Many people across Milwaukee are still processing clashes between protesters and law enforcement this week. Although a curfew is no longer in effect, officers have maintained an augmented presence throughout the area. In the most prominent standoff, a day-time march was declared unlawful by Milwaukee police, who used tear gas on the crowd, and detained some protesters.
On June 2, a march was dispersed after what the Milwaukee Police Department (MPD) claims was a Molotov cocktail was thrown at personnel. The reports have been widely disputed, from protesters who were there and by city officials and alders. Dist. 3 Ald. Nik Kovac said on social media that he was gathering details from neighbors and constituents about what happened.
Based on what he had seen, including TMJ4’s coverage of the standoff, Kovac felt that “there was an unnecessary and unacceptable police escalation at a peaceful protest.” Calling MPD’s claims that Molotov cocktails were used “either exaggerated or baseless,” Kovac wrote, “most of the violent response from police was before the one device was thrown.”
On the same day as the incident Kovac described, Frank Nitty, a local activist and march organizer, was arrested by police as he led protesters across a bridge. Nitty was released the following day, the Milwaukee Journal Sentinel reports.
While the Common Council prepares a formal investigation into the reported Molotov cocktail incident, community organizers are drafting their own demands. The group Community Task Force (COMM FORCE) held a press conference June 4 in the shadow of MPD’s downtown headquarters. Officers had used large dumpsters to barricade the surrounding streets from traffic. At the press conference the group unveiled its own policy recommendations and highlighted frustration over the recent escalations of force by police .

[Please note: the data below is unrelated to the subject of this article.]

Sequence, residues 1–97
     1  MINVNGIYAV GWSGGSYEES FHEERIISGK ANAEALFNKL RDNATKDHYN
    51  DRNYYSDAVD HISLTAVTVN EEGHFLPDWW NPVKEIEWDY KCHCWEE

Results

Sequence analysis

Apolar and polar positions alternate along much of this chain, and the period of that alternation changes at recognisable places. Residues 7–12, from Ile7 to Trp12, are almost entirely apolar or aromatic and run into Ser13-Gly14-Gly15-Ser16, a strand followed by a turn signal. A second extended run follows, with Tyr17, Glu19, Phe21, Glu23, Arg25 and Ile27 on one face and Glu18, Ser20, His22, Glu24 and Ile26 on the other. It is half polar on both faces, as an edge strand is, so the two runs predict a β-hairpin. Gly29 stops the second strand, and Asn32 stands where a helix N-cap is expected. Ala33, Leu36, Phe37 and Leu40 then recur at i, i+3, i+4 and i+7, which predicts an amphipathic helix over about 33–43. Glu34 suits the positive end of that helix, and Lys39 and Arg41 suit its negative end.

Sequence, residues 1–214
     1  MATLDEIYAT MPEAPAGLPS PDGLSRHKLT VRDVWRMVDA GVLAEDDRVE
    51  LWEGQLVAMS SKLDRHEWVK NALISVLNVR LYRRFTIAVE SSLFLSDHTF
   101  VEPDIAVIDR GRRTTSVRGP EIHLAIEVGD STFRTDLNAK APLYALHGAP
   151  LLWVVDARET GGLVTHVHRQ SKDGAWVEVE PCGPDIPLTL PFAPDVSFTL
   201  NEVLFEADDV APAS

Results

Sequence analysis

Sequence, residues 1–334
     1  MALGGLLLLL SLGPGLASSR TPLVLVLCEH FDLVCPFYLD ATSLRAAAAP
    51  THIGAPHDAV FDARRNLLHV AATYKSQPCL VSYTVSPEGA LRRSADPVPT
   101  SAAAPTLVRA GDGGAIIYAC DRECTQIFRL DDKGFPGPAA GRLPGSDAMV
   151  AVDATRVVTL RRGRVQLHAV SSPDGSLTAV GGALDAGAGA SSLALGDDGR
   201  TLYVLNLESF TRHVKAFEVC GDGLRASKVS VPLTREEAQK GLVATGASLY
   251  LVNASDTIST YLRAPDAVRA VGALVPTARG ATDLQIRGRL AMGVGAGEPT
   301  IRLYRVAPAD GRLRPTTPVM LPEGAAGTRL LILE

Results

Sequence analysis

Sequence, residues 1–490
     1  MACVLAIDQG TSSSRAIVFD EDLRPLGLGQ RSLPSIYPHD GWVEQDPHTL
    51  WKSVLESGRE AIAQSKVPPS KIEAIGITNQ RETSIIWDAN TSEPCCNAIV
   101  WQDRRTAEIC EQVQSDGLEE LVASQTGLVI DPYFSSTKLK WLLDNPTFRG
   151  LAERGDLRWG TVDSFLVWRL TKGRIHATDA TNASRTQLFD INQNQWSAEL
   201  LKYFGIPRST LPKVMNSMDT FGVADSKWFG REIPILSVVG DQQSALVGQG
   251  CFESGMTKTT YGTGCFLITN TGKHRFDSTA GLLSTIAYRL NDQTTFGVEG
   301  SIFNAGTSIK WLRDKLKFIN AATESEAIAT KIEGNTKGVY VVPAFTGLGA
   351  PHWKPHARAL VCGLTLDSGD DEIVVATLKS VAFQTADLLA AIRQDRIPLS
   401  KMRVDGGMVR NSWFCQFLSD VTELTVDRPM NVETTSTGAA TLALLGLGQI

“Our cities have been dying,” said African American Round Table (AART) director Markasa Tucker, who spoke at the press conference. “Our city has had a slew of divestment, no investment, and it’s showing today. It’s showing last night, it’s showing for over the six days that you’ve seen people in the streets.” Condemning the use of tear gas by police Tucker declared, “Show us the body cam video that shows there was a Molotov cocktail thrown! Show us the body cam! We’re sick and tired of being sick and tired.”